Today, over 70 per cent of compensation claims paid under the scheme are for those suffering from mesothelioma. It is an extremely severe form of cancer affecting the lung lining and chest wall. The disease can take up to 35 years or more to develop and is invariably terminal within 12 to 18 months. There are three main conditions of entitlement, which must normally be satisfied before a payment can be made. First, that there is no relevant employer who can be sued—effectively, it is in lieu of civil damages; secondly, that no court action has been brought nor compensation received in respect of the disease; and, thirdly, that industrial injuries disablement benefit has been awarded. The original 1948 Act introduced the equivalent of the industrial injuries award, and the 1979 Act added the lump-sum compensation. To make claims for the lump-sum compensation you first must be receiving the pension.
Since the Act came into force there have been 17,565 applications to 31 March 2003, of which 11,786 were successful—approximately 67 per cent. In the early years of the scheme the majority of unsuccessful claims failed because a relevant employer was still in business and there was therefore the opportunity to claim compensation through the courts. It has always been the Government's position that, wherever possible, those responsible for a person contracting a disease should be liable for compensating the victim. The best way to ensure that employers do not care about asbestosis is for the Government automatically to pick up the bill. It is only right and proper, therefore, that these claims should "fail".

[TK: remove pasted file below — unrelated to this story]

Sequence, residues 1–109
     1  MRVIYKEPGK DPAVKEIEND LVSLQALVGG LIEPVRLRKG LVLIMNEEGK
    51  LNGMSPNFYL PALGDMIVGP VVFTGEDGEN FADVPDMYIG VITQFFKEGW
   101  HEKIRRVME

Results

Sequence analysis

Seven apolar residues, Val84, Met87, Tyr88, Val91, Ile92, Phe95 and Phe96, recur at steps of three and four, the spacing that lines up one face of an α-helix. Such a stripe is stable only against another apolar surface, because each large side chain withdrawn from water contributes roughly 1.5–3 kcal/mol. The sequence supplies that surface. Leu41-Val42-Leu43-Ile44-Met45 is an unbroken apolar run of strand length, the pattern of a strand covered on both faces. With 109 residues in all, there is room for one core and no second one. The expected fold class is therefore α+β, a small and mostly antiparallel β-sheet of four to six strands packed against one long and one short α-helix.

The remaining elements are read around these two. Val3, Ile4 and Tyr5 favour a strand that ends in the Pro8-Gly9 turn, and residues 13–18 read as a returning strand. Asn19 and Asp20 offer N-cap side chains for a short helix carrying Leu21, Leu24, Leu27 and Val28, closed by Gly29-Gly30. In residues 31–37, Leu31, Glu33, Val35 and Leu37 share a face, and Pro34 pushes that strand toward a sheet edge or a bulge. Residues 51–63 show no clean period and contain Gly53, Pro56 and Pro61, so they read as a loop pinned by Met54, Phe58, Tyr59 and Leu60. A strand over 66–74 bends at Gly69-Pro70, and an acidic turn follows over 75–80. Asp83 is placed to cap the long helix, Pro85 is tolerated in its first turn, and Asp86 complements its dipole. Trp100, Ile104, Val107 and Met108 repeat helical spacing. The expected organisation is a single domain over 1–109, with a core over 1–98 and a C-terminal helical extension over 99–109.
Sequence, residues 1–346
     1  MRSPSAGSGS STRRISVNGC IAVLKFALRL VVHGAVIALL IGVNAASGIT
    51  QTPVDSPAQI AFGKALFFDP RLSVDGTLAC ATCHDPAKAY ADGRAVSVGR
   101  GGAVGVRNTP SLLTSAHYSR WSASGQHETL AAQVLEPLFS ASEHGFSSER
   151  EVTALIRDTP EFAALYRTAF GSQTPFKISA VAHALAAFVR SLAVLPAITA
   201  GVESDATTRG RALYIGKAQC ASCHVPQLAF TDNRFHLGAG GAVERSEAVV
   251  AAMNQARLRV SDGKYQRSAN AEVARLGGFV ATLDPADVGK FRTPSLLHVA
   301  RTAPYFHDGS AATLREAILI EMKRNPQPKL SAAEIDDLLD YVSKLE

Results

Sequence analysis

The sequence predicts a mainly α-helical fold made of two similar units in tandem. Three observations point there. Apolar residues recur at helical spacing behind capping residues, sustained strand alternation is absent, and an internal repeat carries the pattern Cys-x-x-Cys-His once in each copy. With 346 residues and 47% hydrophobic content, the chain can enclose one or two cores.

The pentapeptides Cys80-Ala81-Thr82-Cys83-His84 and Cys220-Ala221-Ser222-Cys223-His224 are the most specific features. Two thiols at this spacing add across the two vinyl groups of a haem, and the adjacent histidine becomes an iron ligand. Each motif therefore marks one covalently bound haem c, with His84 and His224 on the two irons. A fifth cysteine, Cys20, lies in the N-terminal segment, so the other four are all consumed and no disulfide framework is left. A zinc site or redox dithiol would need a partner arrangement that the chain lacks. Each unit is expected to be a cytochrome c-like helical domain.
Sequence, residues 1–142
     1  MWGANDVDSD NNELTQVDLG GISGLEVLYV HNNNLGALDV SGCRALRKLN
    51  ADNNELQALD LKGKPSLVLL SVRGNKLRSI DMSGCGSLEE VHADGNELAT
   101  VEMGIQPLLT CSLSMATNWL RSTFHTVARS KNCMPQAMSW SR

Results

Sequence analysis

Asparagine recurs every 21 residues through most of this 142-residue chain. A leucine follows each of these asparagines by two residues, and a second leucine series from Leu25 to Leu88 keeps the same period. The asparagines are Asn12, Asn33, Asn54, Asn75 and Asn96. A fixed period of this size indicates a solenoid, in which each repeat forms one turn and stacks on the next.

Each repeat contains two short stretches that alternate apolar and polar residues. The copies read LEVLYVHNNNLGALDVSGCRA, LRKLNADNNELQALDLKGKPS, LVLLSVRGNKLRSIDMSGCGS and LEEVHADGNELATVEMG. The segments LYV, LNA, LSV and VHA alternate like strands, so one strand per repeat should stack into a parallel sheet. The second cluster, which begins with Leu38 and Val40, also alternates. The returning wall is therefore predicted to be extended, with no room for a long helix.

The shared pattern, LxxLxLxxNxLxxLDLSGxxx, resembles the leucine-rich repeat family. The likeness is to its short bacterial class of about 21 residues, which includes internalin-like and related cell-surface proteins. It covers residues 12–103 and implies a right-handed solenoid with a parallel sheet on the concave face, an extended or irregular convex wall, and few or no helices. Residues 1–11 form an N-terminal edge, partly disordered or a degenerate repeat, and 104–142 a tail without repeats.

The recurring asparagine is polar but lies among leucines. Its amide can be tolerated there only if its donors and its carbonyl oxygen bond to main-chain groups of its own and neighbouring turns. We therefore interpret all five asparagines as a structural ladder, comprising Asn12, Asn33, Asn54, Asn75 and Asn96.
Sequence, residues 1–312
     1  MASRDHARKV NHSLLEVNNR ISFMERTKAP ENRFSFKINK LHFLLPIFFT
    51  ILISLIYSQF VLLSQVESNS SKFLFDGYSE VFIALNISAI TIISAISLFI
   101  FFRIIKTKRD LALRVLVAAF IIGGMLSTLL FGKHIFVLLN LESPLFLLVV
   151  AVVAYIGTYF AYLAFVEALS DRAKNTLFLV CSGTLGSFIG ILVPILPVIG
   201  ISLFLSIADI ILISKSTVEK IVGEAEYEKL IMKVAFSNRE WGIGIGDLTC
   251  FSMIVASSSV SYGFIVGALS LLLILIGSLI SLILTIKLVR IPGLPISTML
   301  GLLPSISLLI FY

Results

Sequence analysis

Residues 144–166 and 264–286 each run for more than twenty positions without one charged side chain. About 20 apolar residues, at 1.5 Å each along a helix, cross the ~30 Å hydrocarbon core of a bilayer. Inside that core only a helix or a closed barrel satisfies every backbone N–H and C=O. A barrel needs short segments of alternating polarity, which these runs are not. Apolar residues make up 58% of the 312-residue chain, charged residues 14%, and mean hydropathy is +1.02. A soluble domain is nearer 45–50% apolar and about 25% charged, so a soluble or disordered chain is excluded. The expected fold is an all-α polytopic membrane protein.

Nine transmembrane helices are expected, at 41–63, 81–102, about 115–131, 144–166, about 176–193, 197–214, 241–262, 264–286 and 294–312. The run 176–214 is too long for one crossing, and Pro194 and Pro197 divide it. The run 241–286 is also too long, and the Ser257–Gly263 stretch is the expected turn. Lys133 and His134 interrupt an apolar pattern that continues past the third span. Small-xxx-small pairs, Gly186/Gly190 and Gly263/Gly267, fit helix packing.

404 As time has passed the numbers failing on those grounds have, as would be expected, reduced. In the year to 31 March 2003, 2,099 claims were made. Of the 716 that were rejected, only 131–18 per cent—were refused because there was an employer to sue.
Today the majority of claims are initially rejected because industrial injuries disablement benefit has not been awarded, or has yet to be claimed. That is a precondition. I say "initially" as these people can claim again once disablement benefit has been awarded. There is no problem with claiming subsequently. In 2002–03, 473 of applications—approximately 66 per cent—were refused on this basis. Since the Act came into force in March 2003, nearly 12,000 payments have been made, at a total cost of nearly £120 million. As noble Lords will see, the main reasons for refusal have either been that there has been an employer to sue, or that claimants have not yet claimed industrial injuries disablement benefit.